The hoop house is your secret weapon to extending the growing season, reducing pest and weed pressures, improving water management, and more.
by Melissa Pasanen
Early-spring snow can be a foot deep in northern Vermont, but in the hoop houses at Bread & Butter Farm, kale and spinach plants are tucked under an extra “blanket” of row cover. About 1,400 miles away, spring is quite a bit warmer in the Arkansas Ozarks where anemones and ranunculus bloom alongside greens like bok choy and chard in the six hoop houses at Dripping Springs Garden. Further west and 7,000 feet up into the San Juan Mountains of Colorado, hoop houses at Indian Ridge Farm protect salad greens and provide shelter for the overwintering laying flock.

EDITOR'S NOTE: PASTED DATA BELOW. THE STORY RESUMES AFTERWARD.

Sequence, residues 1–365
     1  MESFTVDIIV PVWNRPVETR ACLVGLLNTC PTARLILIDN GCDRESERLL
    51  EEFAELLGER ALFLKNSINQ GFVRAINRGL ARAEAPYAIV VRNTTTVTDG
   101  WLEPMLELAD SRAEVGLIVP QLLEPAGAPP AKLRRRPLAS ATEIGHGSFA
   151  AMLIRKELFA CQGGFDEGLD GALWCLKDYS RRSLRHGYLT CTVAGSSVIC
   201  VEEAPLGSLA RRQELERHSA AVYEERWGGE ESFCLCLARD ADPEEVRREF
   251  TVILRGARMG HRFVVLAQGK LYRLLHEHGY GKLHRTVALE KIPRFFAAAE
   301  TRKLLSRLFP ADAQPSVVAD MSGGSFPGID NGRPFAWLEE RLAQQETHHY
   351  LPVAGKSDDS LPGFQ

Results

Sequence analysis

The hoop house, also called a high tunnel, has become over the last decade a valuable tool for organic farmers across the United States. Constructed from a tubular steel frame covered in heavy-duty plastic, it’s a type of passive solar greenhouse in which crops grow directly in the soil but are sheltered by the structure. With no artificial lighting or temperature controls, a hoop house is relatively inexpensive to buy and operate.